© 2024 Northeast Indiana Public Radio
NPR News and diverse music.
Play Live Radio
Next Up:
0:00
0:00
0:00 0:00
Available On Air Stations
Underwriter Message

Physicians file motion to block anti-abortion group's access to terminated pregnancy reports

Dr. Caitlin Bernard in front of a microphone during a hearing.
Brandon Smith
/
IPB News
The motion highlights last year’s state medical board decision against one of the providers on the motion, Dr. Caitlin Bernard. The board determined even partial disclosure of information violated privacy protections.

Voices for Life, an anti-abortion group, filed a lawsuit last month against the Indiana Department of Health to regain access to individual terminated pregnancy reports. The agency stopped sharing them last year, citing patient privacy concerns.

Two Indiana physicians who provide abortion care in the state filed a motion Tuesday to prevent the organization from obtaining the reports.

The motion said the providers have a personal stake in the outcome of the case for a variety of reasons, such as “avoiding conflict of legal duties” and protecting patient privacy.

With fewer patients receiving abortions following the near-total abortion ban, IDOH raised concerns last year that releasing the full individual reports could violate patient confidentiality — especially with increased reporting requirements added in 2022. The motion pointed to similar concerns.

The Lawyering Project, the group representing the physicians, said the 31 data points required on the reports can be used to identify individual patients.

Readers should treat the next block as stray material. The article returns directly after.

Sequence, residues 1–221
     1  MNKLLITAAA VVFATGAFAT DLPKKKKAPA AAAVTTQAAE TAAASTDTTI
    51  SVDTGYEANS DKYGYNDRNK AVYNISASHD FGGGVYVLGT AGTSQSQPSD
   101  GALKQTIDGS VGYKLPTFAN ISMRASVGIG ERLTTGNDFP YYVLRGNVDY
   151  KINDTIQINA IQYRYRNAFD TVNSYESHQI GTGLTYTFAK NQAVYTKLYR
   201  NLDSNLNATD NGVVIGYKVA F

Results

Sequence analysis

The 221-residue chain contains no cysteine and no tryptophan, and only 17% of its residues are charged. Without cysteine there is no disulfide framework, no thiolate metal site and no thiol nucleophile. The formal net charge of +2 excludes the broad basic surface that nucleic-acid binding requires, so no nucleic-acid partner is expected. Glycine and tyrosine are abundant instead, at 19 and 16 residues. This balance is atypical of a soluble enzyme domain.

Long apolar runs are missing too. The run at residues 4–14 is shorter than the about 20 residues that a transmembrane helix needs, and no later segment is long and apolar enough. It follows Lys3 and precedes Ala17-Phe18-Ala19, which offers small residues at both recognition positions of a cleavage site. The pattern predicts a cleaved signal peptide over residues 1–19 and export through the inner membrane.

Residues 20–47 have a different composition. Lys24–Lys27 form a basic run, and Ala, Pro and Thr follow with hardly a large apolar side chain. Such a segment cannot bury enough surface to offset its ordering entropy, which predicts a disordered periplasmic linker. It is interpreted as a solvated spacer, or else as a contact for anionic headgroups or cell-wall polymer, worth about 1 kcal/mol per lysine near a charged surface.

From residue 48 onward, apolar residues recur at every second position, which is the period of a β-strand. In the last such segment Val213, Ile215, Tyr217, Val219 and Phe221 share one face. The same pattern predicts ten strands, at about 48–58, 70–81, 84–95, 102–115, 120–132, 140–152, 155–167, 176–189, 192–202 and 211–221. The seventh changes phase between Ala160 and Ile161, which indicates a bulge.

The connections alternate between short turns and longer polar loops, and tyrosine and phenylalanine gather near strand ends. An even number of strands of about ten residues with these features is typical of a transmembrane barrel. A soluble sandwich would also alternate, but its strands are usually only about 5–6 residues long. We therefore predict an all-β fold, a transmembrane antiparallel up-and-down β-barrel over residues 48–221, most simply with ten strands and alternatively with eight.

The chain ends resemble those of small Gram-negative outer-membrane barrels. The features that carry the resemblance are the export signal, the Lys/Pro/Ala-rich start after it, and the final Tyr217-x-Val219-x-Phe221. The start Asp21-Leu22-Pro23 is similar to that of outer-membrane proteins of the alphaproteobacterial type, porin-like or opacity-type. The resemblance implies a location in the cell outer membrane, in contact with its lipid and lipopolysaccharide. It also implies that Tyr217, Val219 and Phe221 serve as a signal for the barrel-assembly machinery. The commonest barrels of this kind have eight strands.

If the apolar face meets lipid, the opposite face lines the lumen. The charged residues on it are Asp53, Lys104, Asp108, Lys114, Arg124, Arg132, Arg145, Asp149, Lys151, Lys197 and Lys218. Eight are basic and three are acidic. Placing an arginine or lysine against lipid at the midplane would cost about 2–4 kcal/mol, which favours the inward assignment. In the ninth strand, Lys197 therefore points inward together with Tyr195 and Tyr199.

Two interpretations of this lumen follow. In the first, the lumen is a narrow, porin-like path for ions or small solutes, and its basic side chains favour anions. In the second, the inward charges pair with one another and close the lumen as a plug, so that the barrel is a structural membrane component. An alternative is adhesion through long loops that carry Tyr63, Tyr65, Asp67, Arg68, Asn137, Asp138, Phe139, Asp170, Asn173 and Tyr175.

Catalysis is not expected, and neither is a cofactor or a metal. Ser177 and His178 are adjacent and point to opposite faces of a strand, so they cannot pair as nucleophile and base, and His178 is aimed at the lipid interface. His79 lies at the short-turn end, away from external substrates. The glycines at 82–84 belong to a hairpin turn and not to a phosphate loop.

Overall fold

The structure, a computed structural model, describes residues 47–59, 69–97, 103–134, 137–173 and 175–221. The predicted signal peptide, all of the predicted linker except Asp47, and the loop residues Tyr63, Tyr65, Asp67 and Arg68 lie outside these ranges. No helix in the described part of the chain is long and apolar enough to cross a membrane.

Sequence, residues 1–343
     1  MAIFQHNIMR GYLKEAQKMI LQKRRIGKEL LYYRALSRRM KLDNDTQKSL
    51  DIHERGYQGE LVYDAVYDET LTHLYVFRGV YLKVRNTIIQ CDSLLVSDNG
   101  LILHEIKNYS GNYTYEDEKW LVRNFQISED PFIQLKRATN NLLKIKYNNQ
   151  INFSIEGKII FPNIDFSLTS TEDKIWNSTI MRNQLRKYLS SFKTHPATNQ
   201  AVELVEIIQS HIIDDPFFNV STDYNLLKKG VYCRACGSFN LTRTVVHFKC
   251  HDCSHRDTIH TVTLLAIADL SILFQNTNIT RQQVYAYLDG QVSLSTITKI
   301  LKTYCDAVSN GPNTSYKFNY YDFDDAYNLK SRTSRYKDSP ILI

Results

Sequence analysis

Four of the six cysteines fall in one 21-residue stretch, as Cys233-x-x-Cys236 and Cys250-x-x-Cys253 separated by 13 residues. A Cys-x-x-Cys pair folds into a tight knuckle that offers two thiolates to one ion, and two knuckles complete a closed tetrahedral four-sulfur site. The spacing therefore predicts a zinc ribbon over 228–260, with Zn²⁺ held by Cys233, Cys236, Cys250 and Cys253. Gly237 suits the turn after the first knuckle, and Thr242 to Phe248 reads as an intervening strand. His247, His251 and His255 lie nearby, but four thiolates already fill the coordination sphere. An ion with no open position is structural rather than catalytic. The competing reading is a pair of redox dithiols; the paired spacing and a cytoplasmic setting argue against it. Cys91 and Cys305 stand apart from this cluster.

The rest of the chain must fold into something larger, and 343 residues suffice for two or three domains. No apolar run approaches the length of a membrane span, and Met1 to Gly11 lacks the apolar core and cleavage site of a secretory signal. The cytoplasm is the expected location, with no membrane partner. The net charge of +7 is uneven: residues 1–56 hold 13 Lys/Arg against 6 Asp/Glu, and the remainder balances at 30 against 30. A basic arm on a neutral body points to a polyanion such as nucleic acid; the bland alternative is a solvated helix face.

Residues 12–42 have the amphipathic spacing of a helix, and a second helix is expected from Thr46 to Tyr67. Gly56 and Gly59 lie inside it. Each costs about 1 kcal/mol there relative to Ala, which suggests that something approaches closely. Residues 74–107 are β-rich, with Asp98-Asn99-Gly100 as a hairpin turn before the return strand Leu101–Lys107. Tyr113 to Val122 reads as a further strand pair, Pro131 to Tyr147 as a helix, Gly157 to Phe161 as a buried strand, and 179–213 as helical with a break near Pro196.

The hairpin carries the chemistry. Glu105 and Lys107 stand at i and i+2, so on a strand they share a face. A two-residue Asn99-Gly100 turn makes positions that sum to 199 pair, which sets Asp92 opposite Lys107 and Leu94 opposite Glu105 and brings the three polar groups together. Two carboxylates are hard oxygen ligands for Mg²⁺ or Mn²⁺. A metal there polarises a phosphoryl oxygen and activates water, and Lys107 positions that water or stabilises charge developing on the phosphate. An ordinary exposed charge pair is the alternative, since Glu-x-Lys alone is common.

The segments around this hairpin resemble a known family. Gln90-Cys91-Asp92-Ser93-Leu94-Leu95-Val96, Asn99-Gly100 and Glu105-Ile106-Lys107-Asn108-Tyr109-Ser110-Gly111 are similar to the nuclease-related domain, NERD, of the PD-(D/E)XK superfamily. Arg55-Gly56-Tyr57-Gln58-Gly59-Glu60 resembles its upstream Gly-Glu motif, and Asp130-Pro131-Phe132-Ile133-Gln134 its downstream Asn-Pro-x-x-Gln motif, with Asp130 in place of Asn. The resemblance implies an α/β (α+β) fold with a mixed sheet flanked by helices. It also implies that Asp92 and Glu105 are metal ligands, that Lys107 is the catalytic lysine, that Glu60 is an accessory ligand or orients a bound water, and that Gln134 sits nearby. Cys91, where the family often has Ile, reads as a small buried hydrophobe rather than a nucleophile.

The motion highlights last year’s state medical board decision against one of the providers on the motion, Dr. Caitlin Bernard, which determined even partial disclosure of information violated privacy protections.

Dr. Caitlin Bernard received a letter of reprimand and a fine in 2023 over a patient privacy complaint Rokita filed to the Indiana Medical Licensing Board. It was related abortion care she provided shortly after Ohio’s six-week ban took effect. Bernard told an Indianapolis Star reporter about providing care to a 10-year-old Ohio rape victim. The Medical Licensing Board decided that was enough information to violate federal and state confidentiality laws.

The public access counselor also cited the state medical board decision when it agreed with the IDOH’s concerns in an informal opinion.

Stephanie Toti, the executive director of the Lawyering Project, said in a statement the providers are committed to protecting their patients' privacy and dignity.

“People who need an abortion deserve access to confidential medical care without being exposed to harassment and intimidation by anti-abortion extremists,” Toti said.

The motion also said the providers have an interest in preventing Attorney General Todd Rokita’s interpretation of the statute from becoming law.

READ MORE: Expert: Legal discussion on terminated pregnancy reports in complicated 'gray' area

Join the conversation and sign up for the Indiana Two-Way. Text "Indiana" to 765-275-1120. Your comments and questions in response to our weekly text help us find the answers you need on statewide issues.

Rokita released an advisory opinion in April which said the decision to not disclose the reports complicates enforcement of Indiana law. The physicians’ motion said the providers want to avoid “unauthorized surveillance by a private organization with no relevant expertise.” It argues the anti-abortion group behind the suit is not a neutral public servant.

The motion said the representation by the parties currently involved does not adequately address physician concerns.

If the court grants the motion, both doctors will be able to intervene as defendants.

Abigail is our health reporter. Contact them at aruhman@wboi.org.

Tags
Abigail Ruhman covers statewide health issues. Previously, they were a reporter for KBIA, the public radio station in Columbia, Missouri. Ruhman graduated from the University of Missouri School of Journalism.